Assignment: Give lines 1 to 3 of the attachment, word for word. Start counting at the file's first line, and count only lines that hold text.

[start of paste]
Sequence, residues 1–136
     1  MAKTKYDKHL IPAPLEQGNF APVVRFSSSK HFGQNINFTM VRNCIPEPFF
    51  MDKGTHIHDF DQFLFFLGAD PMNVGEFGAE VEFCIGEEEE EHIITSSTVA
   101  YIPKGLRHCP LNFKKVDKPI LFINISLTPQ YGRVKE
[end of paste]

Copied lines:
Sequence, residues 1–136
     1  MAKTKYDKHL IPAPLEQGNF APVVRFSSSK HFGQNINFTM VRNCIPEPFF
    51  MDKGTHIHDF DQFLFFLGAD PMNVGEFGAE VEFCIGEEEE EHIITSSTVA